It wouldn't be right for me to cover Mr. Richard and keep it real without mentioning that, well... if he was a contestant on a show like American Kids Idol, the celebrity judge equivalent of Randy Jackson would probably be using the term "pitchy" quite a lot. But Mr. Richard has a similar vocal vibe to Barry Louis Polisar, where okay, his vocals aren't the most polished, but his vocal delivery is still very cool and just right in a way that sort of represents the spirit or voice of a kid.

It's time to go off on one of my tangents here... it's been a while... Thinking of the impact of the song "Tummy Talk" as the first track on that album, it brings to mind the importance of the track order on CDs and what a difficult decision that often is. I recall many years ago making an observation that a lot of albums from my favorite bands and artists seemed to have the big hit song as the 3rd or 4th track. I'm sure there are a million exceptions to that, but remembering that observation now I think the reasoning for that may be that if you always put that big first single as the first track on the album, then it might create an expectation for the album that is difficult to live up to. Also, a lot of times the hit single song might be a little poppier than the rest of the tracks on a rock album, or it might be a ballad on an album of otherwise upbeat songs, so if you put it first then there is a false sense of what the album and/or the artist is really about.

So with that thinking, the best track to put first is probably something that is cool and inviting and memorable and representative of the artist and the album, and makes you want to listen further, but isn't really the knock-out song that the first single is intended to be. By the time you reach that knock-out track at the 3rd or 4th slot, you're already hooked big-time and though the rest of the album still may not match up to that hit song, initially, at least... you're likely to appreciate it for what it is and will probably grow to love some of the other songs more than that big hit, once they get under your skin.

I'm not necesarily saying that Mr. Richard should have put the song "Tummy Talk" 3rd or 4th on his Tummy Talk album instead of 1st... Maybe it would have been better, from my point of view, at least... But he did what he felt was right for his album for his taste and for his fans and so that's fine. And certainly an argument can be made that people are fickle with what they listen to and if something doesn't really grab them right away, there goes your chance to grab them at all... in which case maybe your very best track should be the first one on the album. I should also admit that I am absolutely not an expert in this regard, having second-guessed the track order on three of my four kids' CDs and even resequencing one of them when reordering more copies after its second run. I can say that my next album feels just right in its track sequencing in terms of the flow that it has, and I think that may be the most important consideration, as opposed to thinking about what songs are the standouts and where they fall in the mix.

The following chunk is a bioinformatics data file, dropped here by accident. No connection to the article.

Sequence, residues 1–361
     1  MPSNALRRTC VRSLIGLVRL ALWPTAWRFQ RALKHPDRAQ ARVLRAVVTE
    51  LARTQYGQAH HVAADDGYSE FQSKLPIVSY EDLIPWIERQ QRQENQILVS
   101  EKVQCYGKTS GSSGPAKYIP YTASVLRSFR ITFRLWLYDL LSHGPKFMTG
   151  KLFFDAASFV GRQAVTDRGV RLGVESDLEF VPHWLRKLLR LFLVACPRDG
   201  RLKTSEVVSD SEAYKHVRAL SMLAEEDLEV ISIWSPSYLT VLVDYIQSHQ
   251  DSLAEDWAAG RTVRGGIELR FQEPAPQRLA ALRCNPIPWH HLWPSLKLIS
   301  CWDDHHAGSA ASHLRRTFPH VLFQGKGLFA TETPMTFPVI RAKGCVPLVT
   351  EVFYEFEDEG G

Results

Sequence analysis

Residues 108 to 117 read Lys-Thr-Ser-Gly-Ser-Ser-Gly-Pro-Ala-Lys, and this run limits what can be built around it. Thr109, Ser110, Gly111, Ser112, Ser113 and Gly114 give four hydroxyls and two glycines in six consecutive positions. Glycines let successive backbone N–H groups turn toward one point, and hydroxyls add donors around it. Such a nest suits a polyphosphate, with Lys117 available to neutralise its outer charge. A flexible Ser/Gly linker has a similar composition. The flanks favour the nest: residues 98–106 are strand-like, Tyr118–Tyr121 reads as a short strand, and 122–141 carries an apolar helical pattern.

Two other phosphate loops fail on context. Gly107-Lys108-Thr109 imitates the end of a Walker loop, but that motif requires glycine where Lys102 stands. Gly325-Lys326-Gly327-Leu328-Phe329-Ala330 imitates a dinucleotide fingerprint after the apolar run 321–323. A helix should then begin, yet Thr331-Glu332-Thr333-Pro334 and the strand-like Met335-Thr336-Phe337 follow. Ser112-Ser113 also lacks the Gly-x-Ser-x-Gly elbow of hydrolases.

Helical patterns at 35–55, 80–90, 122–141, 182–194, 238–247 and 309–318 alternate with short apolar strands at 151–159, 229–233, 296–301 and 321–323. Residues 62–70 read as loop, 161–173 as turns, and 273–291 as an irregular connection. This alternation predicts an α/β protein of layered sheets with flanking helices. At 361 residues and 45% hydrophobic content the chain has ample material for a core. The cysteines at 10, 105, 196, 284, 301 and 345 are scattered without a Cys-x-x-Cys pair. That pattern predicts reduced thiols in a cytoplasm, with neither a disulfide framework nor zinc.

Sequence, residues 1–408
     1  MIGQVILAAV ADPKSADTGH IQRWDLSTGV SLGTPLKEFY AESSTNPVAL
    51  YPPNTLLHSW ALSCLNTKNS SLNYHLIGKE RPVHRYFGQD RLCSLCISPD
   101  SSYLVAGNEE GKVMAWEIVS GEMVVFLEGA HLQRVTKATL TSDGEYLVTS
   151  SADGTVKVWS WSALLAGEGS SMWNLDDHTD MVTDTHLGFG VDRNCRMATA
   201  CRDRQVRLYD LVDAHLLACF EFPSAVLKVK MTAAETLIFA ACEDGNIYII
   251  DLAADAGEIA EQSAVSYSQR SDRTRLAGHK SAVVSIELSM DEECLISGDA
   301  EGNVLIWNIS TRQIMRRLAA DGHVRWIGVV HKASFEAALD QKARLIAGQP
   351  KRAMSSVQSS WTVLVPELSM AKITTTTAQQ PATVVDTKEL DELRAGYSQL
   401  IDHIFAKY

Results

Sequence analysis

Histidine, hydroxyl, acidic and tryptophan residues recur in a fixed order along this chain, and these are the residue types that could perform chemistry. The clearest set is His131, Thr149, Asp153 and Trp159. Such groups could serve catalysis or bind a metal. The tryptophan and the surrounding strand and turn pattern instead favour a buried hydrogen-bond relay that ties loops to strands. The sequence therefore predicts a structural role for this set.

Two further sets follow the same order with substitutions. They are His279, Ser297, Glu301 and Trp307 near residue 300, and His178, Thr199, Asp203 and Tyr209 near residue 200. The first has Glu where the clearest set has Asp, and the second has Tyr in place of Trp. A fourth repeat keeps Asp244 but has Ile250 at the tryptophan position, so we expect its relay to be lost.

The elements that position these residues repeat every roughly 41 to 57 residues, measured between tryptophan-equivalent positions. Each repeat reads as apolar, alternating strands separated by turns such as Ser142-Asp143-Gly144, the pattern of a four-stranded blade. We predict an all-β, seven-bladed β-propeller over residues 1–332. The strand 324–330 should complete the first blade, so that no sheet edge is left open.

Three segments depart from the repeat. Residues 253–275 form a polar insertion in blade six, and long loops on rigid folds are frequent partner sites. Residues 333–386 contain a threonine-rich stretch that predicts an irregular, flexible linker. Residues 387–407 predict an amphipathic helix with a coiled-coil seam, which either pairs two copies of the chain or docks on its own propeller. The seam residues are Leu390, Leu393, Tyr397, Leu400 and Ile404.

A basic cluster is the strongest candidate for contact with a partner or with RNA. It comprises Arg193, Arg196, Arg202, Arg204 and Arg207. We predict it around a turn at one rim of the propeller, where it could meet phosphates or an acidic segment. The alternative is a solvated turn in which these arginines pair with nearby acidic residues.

Anyway, just thought I'd share a few thoughts about that, since it came up... It may even become moot before too long as musical buying and listening habits seem to gravitate more and more towards the downloadable single, as opposed to the album. I hope that the album never dies entirely, though, as it is always nice to share a lengthier slice of musical time with a talented artist who has created a group of songs that work really well together... like, for example, Mr. Richard's Polka Dot Puzzle!

Mr. Richard's website

Saturday, February 16, 2008

Buck Howdy

Buck Howdy is unique in the children's music world. Yes, there have been some good country-music styled kids' acts coming out in recent years, including Little Nashville, Farmer Jason and the Bummkin Band, but there hasn't really been a notable old-fashioned cowboy personality like Buck... at least not that I'm aware of.

Buck is nothing if not personality, and his aw shucks friendly uncle from Tennesee kind of voice pulls you right in and holds you captive throughout his CDs. It's a delivery that seems effortless in its charm but also sounds like the genuine article of a man who has spent many years rustling, wrangling, roping and other such things that cowboys do. I get the impression that Buck could tell a story about sorting coupons that would keep kids totally enthralled around a crackling campfire.

Speaking of campfires, Buck pays homage to some classic campfire fare with two of the songs on his second kids' album, Giddyup!, released in 2005. The CD opens with "S'mores", a fine fiddle-y ditty (see the video below), and the fourth track is "Baked Beans", which may be the best flatulence-related song ever (I propose a championship fight between that song and John Hadfield's "I Like Beans"). In "Baked Beans" you can just about hear Buck smiling and holding back his own laughter as he sings, and it really conveys the feeling that he's having as much fun performing the song as we are hearing it.